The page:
Of course it’s not to be taken as a given that this is all a bad thing. The issue is less with the enjoyment of ‘geek’ pursuits than with the cementing of (yet another) identity based in purchase power and “the slow creep of media consumption as a mode of living”. These are things to be considered rather than dismissed. What caused me to put these brief thoughts down was this column in the Evening Standard today, one that seems to cement the status of the ‘gay geek’ as a new norm and, crucially, as one useful to capital. It repeats the oft-heard assertions that gay people are more educated and more affluent, referring to a study from The Williams Institute at UCLA. Yet read the link and you’ll see that the study is far more complex than the trite presentation in the column suggests. Investigate further and you’ll find that the same institution presented research suggesting that LGBT people were more likely to be poor than heterosexuals. The research is patchy to say the least but certainly seems to suggest that LGBT people are no better off than heterosexuals in the UK. Certainly a moment of consideration of the column’s assertions makes them seem odd given that we are constantly told that LGBT people are more likely to suffer from mental health issues, which have most definitely been linked to poverty.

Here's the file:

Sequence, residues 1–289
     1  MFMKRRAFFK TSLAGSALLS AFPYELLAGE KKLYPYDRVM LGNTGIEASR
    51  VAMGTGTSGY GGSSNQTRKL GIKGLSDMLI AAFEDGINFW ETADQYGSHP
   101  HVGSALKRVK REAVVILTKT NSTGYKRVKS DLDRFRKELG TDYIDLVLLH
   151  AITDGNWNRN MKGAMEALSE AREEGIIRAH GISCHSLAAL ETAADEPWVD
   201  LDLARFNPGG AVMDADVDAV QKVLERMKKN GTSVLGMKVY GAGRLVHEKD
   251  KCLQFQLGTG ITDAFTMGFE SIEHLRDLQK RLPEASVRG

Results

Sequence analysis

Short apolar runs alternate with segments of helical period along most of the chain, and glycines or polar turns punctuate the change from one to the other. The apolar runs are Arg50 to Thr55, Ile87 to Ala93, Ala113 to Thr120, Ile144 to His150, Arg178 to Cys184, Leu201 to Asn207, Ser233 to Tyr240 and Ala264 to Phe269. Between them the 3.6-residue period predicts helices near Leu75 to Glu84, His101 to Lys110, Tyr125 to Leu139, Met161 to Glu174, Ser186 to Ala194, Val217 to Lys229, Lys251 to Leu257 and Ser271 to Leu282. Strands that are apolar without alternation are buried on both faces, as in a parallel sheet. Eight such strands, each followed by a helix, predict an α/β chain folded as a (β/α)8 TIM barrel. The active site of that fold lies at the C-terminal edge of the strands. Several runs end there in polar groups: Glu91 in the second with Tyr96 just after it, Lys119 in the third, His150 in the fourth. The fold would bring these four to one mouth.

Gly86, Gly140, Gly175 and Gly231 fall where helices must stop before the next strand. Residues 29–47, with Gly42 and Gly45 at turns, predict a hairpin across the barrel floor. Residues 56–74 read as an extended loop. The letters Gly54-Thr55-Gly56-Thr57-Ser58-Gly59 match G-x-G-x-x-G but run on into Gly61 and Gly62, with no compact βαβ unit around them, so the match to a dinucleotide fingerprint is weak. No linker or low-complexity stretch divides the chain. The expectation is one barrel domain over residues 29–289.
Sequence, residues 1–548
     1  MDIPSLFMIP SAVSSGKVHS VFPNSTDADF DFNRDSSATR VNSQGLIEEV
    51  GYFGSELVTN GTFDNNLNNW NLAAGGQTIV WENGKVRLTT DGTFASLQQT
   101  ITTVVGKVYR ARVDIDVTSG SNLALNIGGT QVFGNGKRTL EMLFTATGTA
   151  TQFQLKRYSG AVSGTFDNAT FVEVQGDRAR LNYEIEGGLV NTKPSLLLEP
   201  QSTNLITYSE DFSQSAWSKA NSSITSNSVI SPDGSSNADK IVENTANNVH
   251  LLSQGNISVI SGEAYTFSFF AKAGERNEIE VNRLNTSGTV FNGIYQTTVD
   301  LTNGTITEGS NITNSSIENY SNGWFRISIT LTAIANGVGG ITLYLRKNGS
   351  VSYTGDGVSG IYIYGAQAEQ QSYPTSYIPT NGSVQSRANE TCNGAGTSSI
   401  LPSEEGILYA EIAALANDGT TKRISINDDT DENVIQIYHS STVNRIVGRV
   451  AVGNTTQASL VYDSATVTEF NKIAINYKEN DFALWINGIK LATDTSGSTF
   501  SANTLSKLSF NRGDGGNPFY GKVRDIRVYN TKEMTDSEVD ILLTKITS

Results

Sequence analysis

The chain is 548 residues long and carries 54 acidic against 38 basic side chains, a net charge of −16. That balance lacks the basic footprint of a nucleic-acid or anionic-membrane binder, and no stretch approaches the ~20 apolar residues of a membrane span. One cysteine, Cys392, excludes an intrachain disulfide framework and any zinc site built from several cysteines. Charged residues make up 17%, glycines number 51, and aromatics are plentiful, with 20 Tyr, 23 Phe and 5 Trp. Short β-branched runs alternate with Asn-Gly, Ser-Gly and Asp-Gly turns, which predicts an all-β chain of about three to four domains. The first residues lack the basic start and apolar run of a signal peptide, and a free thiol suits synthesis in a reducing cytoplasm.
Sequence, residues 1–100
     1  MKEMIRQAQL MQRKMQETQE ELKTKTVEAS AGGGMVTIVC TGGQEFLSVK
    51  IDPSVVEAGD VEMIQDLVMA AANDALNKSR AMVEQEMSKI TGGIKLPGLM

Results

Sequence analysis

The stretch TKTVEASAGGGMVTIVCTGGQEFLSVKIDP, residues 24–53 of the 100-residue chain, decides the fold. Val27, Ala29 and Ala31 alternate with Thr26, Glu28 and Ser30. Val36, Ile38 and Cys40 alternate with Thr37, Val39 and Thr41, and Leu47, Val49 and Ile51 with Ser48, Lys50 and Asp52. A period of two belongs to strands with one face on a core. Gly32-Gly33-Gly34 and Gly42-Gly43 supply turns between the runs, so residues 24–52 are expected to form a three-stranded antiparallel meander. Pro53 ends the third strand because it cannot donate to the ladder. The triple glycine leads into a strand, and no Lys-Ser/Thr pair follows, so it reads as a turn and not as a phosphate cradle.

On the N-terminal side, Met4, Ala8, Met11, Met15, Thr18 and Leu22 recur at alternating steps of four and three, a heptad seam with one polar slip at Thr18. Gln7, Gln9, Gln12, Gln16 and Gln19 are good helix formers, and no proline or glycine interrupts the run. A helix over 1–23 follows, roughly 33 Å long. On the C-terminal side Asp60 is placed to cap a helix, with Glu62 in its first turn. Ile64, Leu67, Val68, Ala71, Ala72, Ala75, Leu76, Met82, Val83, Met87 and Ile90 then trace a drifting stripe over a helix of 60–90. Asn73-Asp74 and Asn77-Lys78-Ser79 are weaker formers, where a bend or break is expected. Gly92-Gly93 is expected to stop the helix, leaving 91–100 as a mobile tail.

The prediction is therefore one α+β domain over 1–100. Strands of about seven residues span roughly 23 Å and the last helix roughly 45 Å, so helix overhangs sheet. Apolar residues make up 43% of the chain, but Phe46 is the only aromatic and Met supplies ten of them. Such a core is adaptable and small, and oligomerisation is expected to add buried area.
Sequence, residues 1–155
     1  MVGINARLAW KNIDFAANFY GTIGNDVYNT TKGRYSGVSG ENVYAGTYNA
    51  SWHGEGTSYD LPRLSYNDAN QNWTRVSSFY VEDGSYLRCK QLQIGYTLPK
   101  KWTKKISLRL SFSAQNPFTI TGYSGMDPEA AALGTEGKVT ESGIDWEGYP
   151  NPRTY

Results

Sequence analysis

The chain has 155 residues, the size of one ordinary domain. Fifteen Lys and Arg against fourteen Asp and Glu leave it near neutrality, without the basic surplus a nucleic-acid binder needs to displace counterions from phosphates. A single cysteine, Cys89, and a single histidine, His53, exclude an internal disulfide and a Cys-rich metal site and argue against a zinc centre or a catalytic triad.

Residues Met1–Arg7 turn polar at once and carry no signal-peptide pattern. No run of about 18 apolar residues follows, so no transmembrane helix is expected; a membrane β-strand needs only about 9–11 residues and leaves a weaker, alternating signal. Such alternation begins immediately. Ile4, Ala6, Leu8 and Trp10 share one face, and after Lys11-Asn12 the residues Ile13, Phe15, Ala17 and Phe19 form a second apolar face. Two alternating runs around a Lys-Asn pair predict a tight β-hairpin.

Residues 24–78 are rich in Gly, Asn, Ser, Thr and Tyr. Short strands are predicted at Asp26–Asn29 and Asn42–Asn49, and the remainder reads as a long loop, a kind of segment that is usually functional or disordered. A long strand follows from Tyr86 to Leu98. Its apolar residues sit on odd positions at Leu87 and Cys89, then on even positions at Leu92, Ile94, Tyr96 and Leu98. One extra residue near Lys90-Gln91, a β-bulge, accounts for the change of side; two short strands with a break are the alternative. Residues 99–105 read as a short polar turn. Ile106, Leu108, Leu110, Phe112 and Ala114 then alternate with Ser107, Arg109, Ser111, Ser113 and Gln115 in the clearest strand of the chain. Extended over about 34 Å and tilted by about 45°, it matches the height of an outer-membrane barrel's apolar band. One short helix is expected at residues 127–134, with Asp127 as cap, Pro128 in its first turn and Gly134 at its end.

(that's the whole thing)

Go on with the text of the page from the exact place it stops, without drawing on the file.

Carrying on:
What seems to be happening here, then, is that the ‘gay geek’ identity is conflated with the educated, professional (and overwhelmingly white, mostly male) demographic who seem to so dominate modern LGBT political narratives. It’s not surprising that the already privileged are more visible. The removal of ‘problematic’ LGBT people who experience poverty, aren’t ‘professionals’ and for whom a “a corporate commitment to gay rights” means absolutely nothing is not only evident, it’s insidious. Some anonymous executive is quotes as saying: